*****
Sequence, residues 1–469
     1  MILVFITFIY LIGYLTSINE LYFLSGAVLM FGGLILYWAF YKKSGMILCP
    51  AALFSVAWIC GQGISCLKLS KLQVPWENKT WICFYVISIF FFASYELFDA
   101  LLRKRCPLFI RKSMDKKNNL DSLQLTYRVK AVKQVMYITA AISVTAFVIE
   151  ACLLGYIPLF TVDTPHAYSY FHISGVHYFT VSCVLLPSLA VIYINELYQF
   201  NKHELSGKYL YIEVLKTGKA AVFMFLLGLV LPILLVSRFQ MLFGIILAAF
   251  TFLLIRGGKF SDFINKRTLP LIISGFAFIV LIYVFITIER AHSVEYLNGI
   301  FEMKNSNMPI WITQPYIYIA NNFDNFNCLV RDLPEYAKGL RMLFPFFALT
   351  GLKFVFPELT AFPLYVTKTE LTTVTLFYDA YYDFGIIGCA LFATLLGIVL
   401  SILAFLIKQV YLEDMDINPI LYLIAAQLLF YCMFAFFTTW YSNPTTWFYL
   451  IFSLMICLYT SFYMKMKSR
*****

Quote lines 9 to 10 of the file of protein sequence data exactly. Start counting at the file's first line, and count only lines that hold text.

   351  GLKFVFPELT AFPLYVTKTE LTTVTLFYDA YYDFGIIGCA LFATLLGIVL
   401  SILAFLIKQV YLEDMDINPI LYLIAAQLLF YCMFAFFTTW YSNPTTWFYL